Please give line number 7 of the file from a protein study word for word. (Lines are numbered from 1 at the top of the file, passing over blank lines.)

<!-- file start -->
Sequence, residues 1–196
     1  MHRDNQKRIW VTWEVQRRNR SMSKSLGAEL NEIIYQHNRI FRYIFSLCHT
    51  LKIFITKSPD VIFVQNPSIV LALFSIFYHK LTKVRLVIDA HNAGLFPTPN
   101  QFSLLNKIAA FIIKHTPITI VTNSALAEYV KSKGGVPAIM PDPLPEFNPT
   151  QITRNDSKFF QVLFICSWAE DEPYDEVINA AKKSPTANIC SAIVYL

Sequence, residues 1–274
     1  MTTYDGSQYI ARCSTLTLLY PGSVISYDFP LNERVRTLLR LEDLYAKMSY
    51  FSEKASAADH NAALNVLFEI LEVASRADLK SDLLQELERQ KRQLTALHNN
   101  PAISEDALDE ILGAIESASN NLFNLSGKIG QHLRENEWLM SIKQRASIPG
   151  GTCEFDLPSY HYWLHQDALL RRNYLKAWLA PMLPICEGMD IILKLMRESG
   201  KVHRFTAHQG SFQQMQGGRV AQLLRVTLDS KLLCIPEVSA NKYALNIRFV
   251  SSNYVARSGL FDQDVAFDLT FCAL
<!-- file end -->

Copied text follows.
     1  MTTYDGSQYI ARCSTLTLLY PGSVISYDFP LNERVRTLLR LEDLYAKMSY